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Practicing Content Marketing in the Hummingbird Era

Posted by: Rushal Patel Date: May 6, 2014 1:58:00 PM

Google_Hummingbird_UpdateHave you tried asking your smartphone a question lately? Today smartphone virtual assistants do a lot more than dial up phone numbers in your address book.  Apple’s Siri, for example, can look up anything on the Web – as well as send a text or email and get directions – to let you know where is the best place to find deep-dish Chicago style pizza in your neighborhood or where a movie is showing.

As convenient and easy as voice controlled natural language interfaces are to use, Google is taking them to the next level with its newest search algorithm called Hummingbird. With Hummingbird, Google not only understands what you have asked; it also understands the follow-up questions to add to the original search.  A Hummingbird search would go something like this, click your smartphone’s microphone and say: “Empire State Building.” Google will search for some information about the Empire State building – maybe how many floors it has – and read it back to you. Then you could ask “when was it built.” Google will return a relevant site with information about the construction of the Empire State Building.” If you ask about visitor hours, Google will take you to the ‘visitor information’ page on the Empire State Building website.

Previously Google used relevance to match individual search words with content in its index to produce results. Hummingbird makes search smarter by looking at a question in context rather than viewing words within the query as separate and unrelated.  


Hummingbird Fuels the Resurgence of “Long Tail” Keywords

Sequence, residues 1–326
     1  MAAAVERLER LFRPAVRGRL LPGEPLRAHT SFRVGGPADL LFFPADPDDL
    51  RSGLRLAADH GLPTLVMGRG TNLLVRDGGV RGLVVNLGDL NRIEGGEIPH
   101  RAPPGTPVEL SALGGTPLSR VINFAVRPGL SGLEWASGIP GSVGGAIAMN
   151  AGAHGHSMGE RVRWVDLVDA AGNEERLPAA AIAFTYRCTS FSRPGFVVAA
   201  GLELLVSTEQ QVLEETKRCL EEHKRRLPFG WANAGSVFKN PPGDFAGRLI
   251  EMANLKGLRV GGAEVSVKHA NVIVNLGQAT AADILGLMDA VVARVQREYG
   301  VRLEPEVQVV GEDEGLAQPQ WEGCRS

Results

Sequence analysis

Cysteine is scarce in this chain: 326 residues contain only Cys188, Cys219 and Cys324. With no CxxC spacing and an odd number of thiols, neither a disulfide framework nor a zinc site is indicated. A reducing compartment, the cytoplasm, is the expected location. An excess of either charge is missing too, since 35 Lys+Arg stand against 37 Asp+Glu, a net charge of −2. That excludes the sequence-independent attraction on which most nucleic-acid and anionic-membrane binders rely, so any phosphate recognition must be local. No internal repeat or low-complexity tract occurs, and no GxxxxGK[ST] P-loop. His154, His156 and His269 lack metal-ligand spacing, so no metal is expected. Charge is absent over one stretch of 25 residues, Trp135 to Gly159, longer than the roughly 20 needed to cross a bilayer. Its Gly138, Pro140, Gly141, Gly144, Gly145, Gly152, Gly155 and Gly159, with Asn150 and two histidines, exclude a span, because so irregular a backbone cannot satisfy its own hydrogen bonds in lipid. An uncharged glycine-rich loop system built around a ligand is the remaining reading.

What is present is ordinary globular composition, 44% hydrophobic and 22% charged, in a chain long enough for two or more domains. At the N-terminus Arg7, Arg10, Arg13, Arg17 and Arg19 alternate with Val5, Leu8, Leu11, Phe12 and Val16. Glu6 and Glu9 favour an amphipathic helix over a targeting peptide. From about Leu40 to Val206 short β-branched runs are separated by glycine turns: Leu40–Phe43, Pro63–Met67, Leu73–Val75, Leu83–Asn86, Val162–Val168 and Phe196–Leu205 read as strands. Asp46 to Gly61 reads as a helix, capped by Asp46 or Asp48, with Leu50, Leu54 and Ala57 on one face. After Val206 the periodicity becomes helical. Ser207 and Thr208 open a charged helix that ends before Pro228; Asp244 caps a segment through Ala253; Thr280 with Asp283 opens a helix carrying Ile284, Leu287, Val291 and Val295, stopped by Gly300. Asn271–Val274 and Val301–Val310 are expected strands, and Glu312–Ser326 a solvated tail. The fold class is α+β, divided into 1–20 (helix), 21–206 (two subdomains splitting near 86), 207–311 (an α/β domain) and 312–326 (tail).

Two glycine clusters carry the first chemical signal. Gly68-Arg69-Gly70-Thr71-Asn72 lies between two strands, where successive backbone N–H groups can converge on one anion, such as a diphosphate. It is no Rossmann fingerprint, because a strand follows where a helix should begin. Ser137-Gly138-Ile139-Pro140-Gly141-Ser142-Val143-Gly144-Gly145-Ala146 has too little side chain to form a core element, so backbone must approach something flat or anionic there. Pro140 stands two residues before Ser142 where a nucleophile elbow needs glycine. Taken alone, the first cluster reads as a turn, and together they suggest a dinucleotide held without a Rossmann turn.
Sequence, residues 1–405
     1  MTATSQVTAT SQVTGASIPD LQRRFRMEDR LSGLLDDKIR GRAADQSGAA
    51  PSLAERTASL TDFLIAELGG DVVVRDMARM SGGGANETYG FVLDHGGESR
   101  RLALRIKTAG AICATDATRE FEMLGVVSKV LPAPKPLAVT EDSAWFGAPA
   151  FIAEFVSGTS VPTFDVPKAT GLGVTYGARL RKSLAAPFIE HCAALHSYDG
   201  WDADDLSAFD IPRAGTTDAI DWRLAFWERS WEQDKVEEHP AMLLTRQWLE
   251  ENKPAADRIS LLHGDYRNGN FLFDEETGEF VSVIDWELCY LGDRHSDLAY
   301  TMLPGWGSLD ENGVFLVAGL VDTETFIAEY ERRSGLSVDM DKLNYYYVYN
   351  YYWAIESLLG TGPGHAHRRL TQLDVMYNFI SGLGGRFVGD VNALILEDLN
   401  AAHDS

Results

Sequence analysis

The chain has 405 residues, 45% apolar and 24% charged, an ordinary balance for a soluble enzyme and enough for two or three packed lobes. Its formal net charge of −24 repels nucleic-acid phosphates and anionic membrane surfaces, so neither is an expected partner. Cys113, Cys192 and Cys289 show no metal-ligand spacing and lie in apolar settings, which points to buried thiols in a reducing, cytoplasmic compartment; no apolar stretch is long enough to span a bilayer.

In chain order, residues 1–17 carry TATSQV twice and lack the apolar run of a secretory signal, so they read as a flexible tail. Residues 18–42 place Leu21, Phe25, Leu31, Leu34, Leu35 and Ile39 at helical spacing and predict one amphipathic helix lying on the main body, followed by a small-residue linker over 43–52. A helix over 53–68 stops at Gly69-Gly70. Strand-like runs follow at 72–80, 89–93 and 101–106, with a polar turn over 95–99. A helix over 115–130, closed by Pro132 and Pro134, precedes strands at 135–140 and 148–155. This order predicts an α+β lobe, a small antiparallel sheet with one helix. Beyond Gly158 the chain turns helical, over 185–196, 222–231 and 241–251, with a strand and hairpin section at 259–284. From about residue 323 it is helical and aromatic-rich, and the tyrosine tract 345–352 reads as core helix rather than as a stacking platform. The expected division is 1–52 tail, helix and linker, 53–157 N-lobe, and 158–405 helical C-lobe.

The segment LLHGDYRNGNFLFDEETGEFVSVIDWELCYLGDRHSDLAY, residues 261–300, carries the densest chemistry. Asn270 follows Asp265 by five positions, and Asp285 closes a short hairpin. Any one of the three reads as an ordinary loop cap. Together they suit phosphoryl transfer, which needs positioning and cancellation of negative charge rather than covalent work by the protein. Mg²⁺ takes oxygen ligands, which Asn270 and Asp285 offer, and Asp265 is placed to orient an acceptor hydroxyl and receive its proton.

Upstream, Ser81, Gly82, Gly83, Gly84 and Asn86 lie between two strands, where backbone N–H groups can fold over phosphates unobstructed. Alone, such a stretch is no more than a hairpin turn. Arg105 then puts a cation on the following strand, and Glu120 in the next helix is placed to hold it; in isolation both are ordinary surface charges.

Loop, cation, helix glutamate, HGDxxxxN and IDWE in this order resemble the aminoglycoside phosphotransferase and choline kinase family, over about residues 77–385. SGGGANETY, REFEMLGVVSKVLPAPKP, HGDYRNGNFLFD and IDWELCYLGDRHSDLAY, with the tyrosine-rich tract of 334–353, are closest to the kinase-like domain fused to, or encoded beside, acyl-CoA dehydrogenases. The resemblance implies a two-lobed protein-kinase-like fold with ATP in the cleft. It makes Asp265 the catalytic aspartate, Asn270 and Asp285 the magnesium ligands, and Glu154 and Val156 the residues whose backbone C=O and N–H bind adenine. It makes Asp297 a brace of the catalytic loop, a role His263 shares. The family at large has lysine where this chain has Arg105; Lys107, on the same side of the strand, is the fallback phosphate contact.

Google’s new algorithm responds to a rise in conversational search, which has emerged as more and more people search on their mobile devices not just by typing in questions, but by conveniently ‘voicing’ them using speech-to-text abilities. As a result of user desire for a conversation; long-tail or real language search is replacing simple keyword search. For example, a user can inquire “where can I find a local dog walker” rather than simply “dog walker.”  Hummingbird will locate the user’s home address to provide a list of possible services in the neighborhood.


Hummingbird Impacts Content Marketing

From conversation to content, Google’s Hummingbird is going to impact content marketing.  In much the same way as Hummingbird connects relevant websites to answer a series of related – or contextual – questions, website content will need to connect a series of related content pieces.   Visitors to your website won’t be looking for the answer to just one query. Once they arrive on your site, they will be looking for content to answer a series of questions about your products and services.

The change in content is already happening.  No longer does Google reward high ranking short content pieces that are ‘rich’ with the repeated use of simple keywords to elevate search.  Google now looks for longer content pieces that address or ‘predict’ more questions a user would most likely have pertaining to a topic. 


Connect the “Content” Dots through the Customer Buying Cycle

By applying the Hummingbird approach, you’ll want to consider what questions or issues come up as customers move through the buying cycle or "sales funnel."  By guiding customers through related content on your site, you’ll be able to address issues that logically arise as a customer looks for information, evaluates options and finally compares service and price.  The key is to make sure your site makes it easy to navigate from one piece of content to another.

In the end, when customers can use long-tail search capabilities, they are better informed and move further along in the sales cycle than those who do not use them.  For that reason, the ability of the long-tail search to impact the sales cycle may be the most valuable contribution of Hummingbird.  Long-tail searches have a higher conversion rate than standard keywords – as much as 2.5 more times, which makes them more profitable.


Live by Inbound Marketing Principles

Google and marketers are trying to please the same audience. No matter what changes Google makes in their algorithms, the goal will always be the same for both – to engage and satisfy your customers. So focus on your buyer personas and your SEO will automatically fall in place.


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Topics: Content Marketing